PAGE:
Why Does Gout Attack at Night?



Why Do Low-Purine Diets Fail?



Important tips regarding Gout and other Inflammatory Conditions

Is there a relation of temperature and humidity to the risk of Gout attacks?



The shear number of variables involved with recurrent Gout attacks is nothing short of overwhelming. The search can have you running in 50 different directions to try and determine what triggered the attack. What food did I eat? Did I drink enough water? Could it be my medication? Did I hurt myself? Am I too stressed out right now? The list goes on and on. How about the weather? Does the weather factor into the risk? Evidently, it does, and there are studies to prove it.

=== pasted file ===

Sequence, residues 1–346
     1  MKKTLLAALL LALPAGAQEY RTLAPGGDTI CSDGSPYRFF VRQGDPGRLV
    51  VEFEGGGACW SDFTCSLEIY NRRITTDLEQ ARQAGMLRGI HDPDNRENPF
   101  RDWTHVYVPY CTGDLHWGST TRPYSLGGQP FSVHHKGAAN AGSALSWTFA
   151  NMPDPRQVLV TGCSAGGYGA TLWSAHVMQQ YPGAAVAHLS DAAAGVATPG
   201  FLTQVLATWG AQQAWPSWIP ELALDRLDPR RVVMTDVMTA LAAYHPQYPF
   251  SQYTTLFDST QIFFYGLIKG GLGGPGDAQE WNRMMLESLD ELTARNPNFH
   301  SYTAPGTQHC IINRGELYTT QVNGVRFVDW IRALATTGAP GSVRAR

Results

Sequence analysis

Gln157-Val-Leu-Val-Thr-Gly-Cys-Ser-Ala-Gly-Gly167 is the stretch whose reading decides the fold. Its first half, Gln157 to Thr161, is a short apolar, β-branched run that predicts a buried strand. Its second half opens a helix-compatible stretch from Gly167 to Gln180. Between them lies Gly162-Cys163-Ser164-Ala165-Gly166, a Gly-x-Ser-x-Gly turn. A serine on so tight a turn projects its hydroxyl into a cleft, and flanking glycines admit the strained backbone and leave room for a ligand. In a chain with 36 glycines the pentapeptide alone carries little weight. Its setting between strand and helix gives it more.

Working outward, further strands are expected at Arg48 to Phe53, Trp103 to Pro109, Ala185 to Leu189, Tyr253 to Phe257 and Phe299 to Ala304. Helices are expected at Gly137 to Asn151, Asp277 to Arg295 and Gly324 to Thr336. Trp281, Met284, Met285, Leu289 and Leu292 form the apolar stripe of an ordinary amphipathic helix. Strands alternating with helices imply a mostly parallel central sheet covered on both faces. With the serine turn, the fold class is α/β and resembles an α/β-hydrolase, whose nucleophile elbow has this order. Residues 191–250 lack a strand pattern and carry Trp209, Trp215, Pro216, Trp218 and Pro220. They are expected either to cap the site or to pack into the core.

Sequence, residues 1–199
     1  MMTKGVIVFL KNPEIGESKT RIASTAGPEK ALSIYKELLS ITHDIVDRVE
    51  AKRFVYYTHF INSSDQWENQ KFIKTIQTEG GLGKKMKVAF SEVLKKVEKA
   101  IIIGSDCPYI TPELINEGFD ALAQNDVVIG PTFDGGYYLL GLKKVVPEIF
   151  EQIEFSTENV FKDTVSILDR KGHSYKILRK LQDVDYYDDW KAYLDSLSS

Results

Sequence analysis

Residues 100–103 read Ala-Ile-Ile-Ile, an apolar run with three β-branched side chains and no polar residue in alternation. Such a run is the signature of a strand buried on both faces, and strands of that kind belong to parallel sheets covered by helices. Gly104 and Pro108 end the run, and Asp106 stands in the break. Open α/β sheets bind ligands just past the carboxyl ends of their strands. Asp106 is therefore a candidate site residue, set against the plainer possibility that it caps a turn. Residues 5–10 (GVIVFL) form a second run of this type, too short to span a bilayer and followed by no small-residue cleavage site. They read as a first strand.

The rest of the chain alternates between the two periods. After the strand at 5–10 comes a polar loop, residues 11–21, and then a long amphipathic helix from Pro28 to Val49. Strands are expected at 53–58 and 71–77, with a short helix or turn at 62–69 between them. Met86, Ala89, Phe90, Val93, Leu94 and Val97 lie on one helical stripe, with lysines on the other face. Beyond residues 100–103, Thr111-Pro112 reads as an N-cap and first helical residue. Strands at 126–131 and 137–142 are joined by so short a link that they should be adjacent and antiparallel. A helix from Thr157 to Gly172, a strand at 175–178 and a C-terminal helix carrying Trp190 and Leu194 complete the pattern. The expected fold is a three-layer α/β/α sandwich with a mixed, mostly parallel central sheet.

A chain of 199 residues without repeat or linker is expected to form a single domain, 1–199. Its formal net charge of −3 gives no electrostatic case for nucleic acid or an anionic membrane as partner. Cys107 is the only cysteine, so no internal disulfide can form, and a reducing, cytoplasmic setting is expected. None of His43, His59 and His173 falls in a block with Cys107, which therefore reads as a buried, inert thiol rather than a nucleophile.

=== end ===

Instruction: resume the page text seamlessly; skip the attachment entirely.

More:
Boston University School of Medicine conducted a study to test the suspected effects of humidity and temperature on the changes of recurrent gout attacks. This took place over a two-day control period noting temperature, barometric pressure, humidity, and precipitation for each person’s zip code. Adjustments were made for alcohol consumption, purine intake, and diuretic use. The study linked volume depletion, or extracellular fluid volume contraction (ECF) to the risk of recurrent Gout attacks. High temperatures and extreme degrees of humidity, in both directions, were associated with higher risk of gout attacks. High ambient temperature and low humidity yields the greatest association by some 40% compared with moderate temperature and relative humidity. “Our data indicate that both high temperature and high humidity are associated with an increased risk of recurrent gout attacks,” explains Yuquing Zhang, D.Sc., Professor of Medicine and Epidemiology, Boston University School of Medicine; Boston, Massachusetts and an investigator in the study. “Thus, when it’s hot and humid, those with gout should consider drinking more fluids to avoid potentially painful gout attacks.”